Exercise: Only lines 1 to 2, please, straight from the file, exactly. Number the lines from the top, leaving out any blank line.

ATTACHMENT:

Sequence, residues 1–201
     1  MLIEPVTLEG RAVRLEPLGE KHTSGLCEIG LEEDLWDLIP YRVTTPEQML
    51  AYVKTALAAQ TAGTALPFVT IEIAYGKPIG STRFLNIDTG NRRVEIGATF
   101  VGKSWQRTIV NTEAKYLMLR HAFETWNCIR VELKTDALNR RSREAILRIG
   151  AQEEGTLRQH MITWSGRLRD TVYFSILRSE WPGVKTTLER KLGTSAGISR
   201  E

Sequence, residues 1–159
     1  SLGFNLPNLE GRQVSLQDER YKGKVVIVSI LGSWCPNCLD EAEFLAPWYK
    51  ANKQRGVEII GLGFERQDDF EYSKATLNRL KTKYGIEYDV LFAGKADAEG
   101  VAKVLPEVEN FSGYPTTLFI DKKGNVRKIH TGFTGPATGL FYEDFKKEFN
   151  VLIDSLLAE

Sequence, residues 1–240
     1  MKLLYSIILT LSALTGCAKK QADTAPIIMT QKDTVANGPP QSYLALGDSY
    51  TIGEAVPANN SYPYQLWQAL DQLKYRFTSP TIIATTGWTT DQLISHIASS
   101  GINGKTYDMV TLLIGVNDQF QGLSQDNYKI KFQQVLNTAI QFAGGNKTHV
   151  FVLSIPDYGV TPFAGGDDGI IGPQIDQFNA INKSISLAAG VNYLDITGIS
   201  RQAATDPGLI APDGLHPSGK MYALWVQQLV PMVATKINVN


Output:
Sequence, residues 1–201
     1  MLIEPVTLEG RAVRLEPLGE KHTSGLCEIG LEEDLWDLIP YRVTTPEQML